Armadillos, dust storms, lightning, wind, and rain. Oh my, it was a Dirty Kanza to be remembered, but it is not as if this 200 mile (320 kilometre) gravel event knows any other way.
The yellow brick road of the gravel kingdom doesn’t lead you to the Emerald City, instead, it takes a right turn on an unmarked path in the prairies of Kansas, through a cattle pen, and into the Flint Hills. This road is riddled with flint rock, mud, manure, sweat, and dust. A pair of sequin shoes, or even a belt buckle, can’t protect you from the obstacles you will face. There is no wizard that will make your gravel dreams come true. You have to own your individual dreams and outcome, but at least there is a hug and a beer at the finish line.
This is the Dirty Kanza. This is the annual pilgrimage on the yellow brick road by all gravel enthusiasts and cycling industry alike. I returned to the Dirty Kanza 200 as reigning Queen of the Kanza and loved coming home to where it all began.
Alison Tetrick winner’s buckle from the 2017 Dirty Kanza 200
The best journey takes you home, and in this case, home is Emporia, Kansas. There is no place like home. It is interesting how in our lives how we can measure our individual progress and pivot points with yearly bike events. I can’t be the only one that does this.
Last year at Kanza, it was my first gravel race and after taking a shot from that flask, I haven’t looked back. Don’t we all have mile markers like that? I have loved transitioning into an endurance rider and finding a new community and home through gravel events.
With this passing time, comes experience, and experience is a fickle critter. With your past experiences, you can better prepare for not only the present situation but also all those future plans. Yet, with that awareness come all the memories and baggage attached. Memories of the challenge and the work along the way. Memories of the suffering and dark and beautiful places you encountered.
With experience, you know what is coming. I tried to make the most of just that with my equipment, nutrition, and mental preparation. Gravel racing is an adventure in itself and you need to be prepared to take your bike and body to its limits in order to complete the event. It has been fun geeking out on the equipment and product with Specialized as we continue to innovate and design for a gravel specific approach. Some experiences are simply priceless.
The early morning start of the Dirty Kanza began dramatically as a huge thunderstorm of biblical proportions rolled through town with lightning, hail, winds and heavy rain. The race was delayed 30 minutes. I could only imagine a few people that were excited for the now muddy roads. I wasn’t one of them. The race began quickly with a tailwind and wet gravel roads as the anxious pack began navigating into the plains. We passed turtles hiding from the thundering herd of cyclists, and horses running alongside of us in perfect echelon formation. We hopped cattle guards and entered the open range.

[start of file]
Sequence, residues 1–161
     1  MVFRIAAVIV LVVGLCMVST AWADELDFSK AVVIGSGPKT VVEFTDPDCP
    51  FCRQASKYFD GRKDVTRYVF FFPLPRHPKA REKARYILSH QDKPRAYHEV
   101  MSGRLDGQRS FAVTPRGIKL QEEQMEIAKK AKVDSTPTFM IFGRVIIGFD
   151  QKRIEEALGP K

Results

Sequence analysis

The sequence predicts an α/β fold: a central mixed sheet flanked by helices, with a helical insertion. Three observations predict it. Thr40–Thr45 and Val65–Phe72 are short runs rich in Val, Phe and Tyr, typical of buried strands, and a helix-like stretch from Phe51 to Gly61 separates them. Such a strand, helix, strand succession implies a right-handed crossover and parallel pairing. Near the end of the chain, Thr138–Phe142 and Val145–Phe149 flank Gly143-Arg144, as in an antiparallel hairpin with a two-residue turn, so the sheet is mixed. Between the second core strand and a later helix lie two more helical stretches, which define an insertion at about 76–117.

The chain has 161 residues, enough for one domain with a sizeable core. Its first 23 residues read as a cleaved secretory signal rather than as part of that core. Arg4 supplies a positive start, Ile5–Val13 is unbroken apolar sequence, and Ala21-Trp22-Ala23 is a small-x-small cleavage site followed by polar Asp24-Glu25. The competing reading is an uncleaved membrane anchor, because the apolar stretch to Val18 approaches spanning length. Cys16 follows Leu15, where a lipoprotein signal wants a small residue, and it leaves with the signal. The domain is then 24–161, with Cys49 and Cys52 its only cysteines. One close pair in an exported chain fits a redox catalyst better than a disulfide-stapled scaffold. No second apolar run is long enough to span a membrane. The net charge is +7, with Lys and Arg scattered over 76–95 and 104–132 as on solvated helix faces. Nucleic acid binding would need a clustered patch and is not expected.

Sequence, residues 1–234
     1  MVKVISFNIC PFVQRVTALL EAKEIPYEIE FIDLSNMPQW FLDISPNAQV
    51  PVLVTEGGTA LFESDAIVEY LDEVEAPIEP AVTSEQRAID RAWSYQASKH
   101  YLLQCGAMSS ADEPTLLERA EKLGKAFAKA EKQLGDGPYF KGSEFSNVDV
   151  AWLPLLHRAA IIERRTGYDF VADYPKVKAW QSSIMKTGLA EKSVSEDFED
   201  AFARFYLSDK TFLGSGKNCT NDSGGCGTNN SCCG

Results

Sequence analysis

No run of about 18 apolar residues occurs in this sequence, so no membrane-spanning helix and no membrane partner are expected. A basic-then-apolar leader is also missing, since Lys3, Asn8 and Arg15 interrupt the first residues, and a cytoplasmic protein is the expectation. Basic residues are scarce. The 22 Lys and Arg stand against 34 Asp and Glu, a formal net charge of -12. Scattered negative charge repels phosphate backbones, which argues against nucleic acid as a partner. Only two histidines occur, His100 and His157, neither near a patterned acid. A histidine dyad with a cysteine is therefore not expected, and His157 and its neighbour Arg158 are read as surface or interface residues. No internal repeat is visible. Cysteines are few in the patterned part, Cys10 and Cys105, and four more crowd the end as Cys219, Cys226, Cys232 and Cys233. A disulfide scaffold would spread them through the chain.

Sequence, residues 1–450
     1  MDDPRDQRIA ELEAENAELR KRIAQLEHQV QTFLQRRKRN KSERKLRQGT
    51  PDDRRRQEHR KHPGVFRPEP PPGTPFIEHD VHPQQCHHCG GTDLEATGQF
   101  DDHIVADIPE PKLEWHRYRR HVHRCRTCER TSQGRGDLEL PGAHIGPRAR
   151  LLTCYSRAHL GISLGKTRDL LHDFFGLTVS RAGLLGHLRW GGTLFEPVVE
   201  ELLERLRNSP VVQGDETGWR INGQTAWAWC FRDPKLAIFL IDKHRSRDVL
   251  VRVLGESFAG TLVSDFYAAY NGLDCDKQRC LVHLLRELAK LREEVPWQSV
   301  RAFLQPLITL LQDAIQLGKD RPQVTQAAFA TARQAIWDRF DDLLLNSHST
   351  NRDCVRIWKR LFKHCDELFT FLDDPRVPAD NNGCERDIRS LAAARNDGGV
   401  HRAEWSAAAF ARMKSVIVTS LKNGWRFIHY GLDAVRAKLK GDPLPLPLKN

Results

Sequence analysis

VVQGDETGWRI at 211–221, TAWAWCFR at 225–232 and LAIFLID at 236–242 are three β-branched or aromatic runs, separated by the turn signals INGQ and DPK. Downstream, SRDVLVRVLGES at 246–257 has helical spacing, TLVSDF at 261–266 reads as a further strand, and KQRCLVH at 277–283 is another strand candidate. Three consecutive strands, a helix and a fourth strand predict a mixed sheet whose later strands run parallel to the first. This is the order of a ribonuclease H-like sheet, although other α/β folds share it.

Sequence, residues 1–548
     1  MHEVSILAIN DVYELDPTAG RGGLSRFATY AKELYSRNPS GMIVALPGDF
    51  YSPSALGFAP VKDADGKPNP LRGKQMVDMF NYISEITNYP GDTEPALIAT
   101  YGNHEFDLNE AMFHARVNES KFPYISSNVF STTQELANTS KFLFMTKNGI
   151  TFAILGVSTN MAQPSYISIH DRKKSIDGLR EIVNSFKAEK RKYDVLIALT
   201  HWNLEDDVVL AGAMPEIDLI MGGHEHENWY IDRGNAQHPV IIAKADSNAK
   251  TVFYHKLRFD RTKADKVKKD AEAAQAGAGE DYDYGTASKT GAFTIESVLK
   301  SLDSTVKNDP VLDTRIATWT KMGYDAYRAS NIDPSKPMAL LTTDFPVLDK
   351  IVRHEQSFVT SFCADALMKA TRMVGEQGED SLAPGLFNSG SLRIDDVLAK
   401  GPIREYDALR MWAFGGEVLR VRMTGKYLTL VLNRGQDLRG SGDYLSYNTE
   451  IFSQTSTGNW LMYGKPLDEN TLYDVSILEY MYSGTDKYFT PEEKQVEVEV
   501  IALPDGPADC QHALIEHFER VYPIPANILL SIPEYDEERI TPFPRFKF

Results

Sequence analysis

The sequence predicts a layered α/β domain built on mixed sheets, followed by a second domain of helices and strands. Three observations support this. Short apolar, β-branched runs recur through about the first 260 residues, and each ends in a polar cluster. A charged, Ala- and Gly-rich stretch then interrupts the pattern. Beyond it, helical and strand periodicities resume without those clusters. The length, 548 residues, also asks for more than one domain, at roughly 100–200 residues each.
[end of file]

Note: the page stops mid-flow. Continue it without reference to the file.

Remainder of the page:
The front group was established before the first checkpoint and I was with them along with Kaitie Keogh. Two-time winner Amanda Nauman was not far behind in a chase group. We had ourselves a bike race.
As the race unfolded over 12 hours, I was conscious of all the ebbs and flows that the day can bring. I was far from the ocean but I felt the waves of emotion and mental acceptance flow in throughout the day. Maybe it was the amber waves of the grain I was seeing, or maybe it was a mirage, but I was just so aware. We all want to write our own story, but sometimes we are left writing about what really happened and not what we dreamed of.
We passed a tree that was struck by lightning and it was split in half and still smoldering with orange flames. I considered this a sign that maybe lightning could strike twice on this iconic day, and I also thought of Kansas City BBQ. What felt sudden, was probably a slow burn of the fast pace and I was alone a little sooner than I wanted to be before Checkpoint 2.
Well, I did say we would all most likely find ourselves alone out there. I wasn’t surprised with that, but I knew what was waiting for me down the gravel road ahead. “Hello, darkness, my old friend,” I found myself muttering. At least with the tune of Simon & Garfunkel’s “The Sound of Silence” running through my head I momentarily had a soundtrack for my mental meanderings.
Gravel racing and endurance sports tend to bring out these beautifully raw and dark sides of ourselves. It is what drives us and what makes us question our motives and commitments. You have three choices when faced with this side of yourself; you can panic and run from it, you can ignore it and try to drown it out, or you can embrace it in all its vulnerable chaos. We all have that dark side. This is why we do what we do. It can be filled with doubt, insecurity, fear, and comical hallucinations. It can be filled with motivation, dedication, and driving inspiration.